“Love is patient and kind; love does not envy or boast; it is not arrogant or rude. It does not insist on its own way; it is not irritable” 1 Corinthians 13:4-5
Sometimes we have to review basic teachings and build on fundamentals. Jesus identified “love” as the greatest command, but have we allowed the world to define that term for us? Let’s look at the key terms from these verses that define biblical love:
Love is patient. . .This means love leads us to endure much for the sake of Christ, and to continue strong in the faith. Biblical patience does not simply mean putting up with inconveniences, but to continue living for Christ.
Love is kind. . .Love respects people as made in the image of God and treat them accordingly. The believer filled with God’s love interacts with others in a gracious manner.
Love does not envy. . .God sees to it that both blessings and trials are administered to us according to His infinite wisdom. Yet sometimes we find ourselves envying others for something they have that we lack. When we envy others we question God’s good care and provision for us.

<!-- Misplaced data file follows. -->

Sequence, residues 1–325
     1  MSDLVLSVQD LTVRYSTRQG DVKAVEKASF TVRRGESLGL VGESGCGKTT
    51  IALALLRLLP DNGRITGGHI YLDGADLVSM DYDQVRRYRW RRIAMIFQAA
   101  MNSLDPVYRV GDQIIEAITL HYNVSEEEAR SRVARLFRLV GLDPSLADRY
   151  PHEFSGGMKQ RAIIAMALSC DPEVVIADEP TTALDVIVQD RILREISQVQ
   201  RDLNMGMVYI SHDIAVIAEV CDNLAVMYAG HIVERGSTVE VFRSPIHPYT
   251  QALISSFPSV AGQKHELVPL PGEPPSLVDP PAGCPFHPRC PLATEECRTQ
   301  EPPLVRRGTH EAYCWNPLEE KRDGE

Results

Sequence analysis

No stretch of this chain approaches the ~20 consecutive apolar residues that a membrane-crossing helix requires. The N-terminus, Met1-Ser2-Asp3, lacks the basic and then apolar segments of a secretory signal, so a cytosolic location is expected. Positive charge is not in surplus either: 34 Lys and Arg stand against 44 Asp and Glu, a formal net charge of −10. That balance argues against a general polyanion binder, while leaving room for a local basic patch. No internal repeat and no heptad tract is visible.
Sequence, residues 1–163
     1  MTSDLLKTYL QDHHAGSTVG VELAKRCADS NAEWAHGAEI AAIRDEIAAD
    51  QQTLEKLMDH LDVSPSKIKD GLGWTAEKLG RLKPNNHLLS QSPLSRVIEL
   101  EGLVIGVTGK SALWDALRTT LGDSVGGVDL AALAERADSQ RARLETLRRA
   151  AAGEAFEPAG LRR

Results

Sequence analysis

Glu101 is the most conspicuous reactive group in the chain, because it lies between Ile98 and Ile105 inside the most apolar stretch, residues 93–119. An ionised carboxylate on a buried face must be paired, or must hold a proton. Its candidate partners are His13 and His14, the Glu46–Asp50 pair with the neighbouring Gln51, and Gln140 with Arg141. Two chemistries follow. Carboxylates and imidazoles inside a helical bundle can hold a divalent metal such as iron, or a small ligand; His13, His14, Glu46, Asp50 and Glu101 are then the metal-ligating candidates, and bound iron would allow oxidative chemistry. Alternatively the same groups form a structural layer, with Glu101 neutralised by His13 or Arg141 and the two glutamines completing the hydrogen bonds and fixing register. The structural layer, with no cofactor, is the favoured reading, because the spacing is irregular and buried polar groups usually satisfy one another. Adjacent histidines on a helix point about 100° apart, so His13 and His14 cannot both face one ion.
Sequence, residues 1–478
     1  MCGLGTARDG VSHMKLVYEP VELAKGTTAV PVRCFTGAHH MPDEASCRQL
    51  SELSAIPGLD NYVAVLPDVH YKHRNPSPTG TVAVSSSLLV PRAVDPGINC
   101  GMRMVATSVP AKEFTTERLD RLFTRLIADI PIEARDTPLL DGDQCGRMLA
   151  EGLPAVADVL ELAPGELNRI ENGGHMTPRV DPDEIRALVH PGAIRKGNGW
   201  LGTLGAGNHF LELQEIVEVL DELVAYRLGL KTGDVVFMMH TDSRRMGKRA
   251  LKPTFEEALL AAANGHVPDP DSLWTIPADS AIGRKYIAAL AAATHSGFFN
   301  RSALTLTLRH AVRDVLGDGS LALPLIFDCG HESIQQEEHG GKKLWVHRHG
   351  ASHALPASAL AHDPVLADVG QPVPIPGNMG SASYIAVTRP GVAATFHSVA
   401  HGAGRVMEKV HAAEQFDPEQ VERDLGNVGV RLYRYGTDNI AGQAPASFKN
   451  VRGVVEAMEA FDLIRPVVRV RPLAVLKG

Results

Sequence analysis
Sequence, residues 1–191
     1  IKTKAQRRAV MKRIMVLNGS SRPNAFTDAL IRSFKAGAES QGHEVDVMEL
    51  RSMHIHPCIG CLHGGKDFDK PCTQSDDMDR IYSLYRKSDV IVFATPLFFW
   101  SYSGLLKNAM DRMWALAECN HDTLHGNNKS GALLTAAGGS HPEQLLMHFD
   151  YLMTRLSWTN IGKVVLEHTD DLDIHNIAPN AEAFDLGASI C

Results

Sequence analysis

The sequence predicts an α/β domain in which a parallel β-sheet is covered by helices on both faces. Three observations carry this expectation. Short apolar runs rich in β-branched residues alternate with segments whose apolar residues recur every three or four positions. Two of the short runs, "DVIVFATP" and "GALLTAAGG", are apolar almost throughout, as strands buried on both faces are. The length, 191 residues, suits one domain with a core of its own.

Love does not boast. . .is not arrogant. . .People filled with love need not parade their great learning or accomplishments. They seek to do God’s will and credit Him for any recognition they might receive.
Love is not rude. . .We witness in our day an increasing lack of manners and common courtesy. Love leads us to polite behavior toward those in and outside of the church. We do not dismiss others nor do we seek to dominate conversations. Love is, after all, not rude.
Love does not insist on its own way. . .Perhaps this trait is the hardest to come to grips with. We Christians have a strong belief system and we base our faith on the word of God. We should not yield on these things. But what about other matters of preference? A good heart searching will probably reveal we often place ourselves above others (see Philippians 2:3).
Love is not irritable. . .Here Paul speaks of anger. Spirit controlled Christians possess long fuses and do not easily “pop-off.” To be honest, the angry person displays a level of foolishness that we should steer clear from. Those who often lose their tempers do not walk in love.
Love is not resentful. . .Good accountants keep accurate records of business transactions in order to maintain good books. Unfortunately we, too, sometimes keep ledgers and records of offenses committed against us. We want to settle accounts with them and strike back. Such a spirit operates not from God’s love, but from personal revenge. If God forgave us of our sins, we should forgive others (Ephesians 4:32).
We could have written more, because the Bible has much to say about love. The world needs a good dose of Christian love, and the church needs to operate in an environment of love. May God bless His people with love the spills over to all who come into contact with it.
Posted on Thu, July 23, 2015
by Sam Petitfils